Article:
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SMART INVESTING, FOCUSED ON AN EVER-CHANGING ECONOMIC LANDSCAPE.

Recent Insights


January 19, 2021

The problem humanity faces is not climate change per se – it is providing reliable energy to a growing world economy and a global population projected to hit 10 billion

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January 14, 2021

With all the talk about Bitcoin, at Cornell Capital Group we thought it is time to delve into the data. The data sample employed in the analysis consists of the

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January 4, 2021

Expectations and Investment Returns           To provide perspective on investing in 2021, at Cornell Capital Group we start with a fundamental concept from finance theory. The theory states that if a

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December 30, 2020

At a conference on quantum computing and finance on December 10, 2020, William Zeng, head of quantum research at Goldman Sachs, told the audience that quantum computing could have a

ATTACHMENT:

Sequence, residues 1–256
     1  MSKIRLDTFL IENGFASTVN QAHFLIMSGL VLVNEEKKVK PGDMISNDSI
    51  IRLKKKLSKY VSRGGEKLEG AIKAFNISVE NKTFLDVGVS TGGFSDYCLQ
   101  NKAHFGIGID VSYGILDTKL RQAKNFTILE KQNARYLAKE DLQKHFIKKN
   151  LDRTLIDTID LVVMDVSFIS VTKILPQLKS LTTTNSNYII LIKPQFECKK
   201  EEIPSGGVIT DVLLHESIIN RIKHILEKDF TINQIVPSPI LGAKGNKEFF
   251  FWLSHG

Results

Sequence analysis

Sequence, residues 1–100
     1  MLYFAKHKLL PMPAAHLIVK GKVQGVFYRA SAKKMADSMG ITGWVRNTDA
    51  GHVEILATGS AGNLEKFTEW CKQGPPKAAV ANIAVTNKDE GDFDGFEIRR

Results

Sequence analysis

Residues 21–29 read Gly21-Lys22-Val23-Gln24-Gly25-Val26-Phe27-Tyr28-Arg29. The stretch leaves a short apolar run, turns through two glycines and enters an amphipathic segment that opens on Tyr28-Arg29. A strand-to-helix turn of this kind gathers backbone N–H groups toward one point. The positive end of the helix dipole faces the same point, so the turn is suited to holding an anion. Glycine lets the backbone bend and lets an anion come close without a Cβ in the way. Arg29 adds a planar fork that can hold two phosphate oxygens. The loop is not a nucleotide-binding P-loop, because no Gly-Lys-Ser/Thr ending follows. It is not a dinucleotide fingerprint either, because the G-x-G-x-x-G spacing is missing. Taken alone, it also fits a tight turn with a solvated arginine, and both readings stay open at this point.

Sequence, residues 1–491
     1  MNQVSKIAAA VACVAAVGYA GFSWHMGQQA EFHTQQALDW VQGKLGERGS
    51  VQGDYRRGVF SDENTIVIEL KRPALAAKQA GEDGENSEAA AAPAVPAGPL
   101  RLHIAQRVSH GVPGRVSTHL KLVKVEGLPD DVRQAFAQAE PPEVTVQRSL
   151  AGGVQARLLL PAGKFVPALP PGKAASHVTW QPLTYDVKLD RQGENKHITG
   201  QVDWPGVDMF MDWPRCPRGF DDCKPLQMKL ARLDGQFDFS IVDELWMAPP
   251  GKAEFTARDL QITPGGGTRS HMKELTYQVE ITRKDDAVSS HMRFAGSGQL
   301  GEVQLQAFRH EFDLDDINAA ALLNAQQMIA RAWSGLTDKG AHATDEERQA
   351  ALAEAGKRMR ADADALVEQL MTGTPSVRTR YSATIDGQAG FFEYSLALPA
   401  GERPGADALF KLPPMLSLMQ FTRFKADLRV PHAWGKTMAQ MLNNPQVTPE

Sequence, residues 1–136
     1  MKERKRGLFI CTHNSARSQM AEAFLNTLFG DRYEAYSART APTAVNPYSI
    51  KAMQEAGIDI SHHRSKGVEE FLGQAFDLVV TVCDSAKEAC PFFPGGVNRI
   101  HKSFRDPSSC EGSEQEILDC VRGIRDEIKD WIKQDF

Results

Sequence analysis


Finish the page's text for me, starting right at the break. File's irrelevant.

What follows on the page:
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December 23, 2020

Based on the dot.com experience, popping bubbles are often associated with the complete collapse of companies like eToys, Pets.com or Webvan, but that is as much the exception as the

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Featured Publication


Using criteria based on environmental, social and governance (ESG) considerations has become an increasingly important aspect of investment decision making, particularly for high profile institutional investors.  As of 2019, sustainable assets under management were estimated to be $30 trillion worldwide.  The claim here is that the enthusiasm for ESG investing has been exaggerated for three reasons.  First, it is not clear what constitutes an ESG investment in the context of a complex, integrated economy.  Second, the impact on investment performance of a preference for ESG investments has not been sufficiently recognized outside academic circles.  Finally, many leading practitioners have stated that the importance of ESG considerations implies the corporate objective of maximizing shareholder value, which lies at the core of much of finance theory, is outdated and needs to be replaced by a more comprehensive stakeholder model.  The conclusion is that both the benefits of the traditional model and the dangers of a broader stakeholder model have not be adequately appreciated.         

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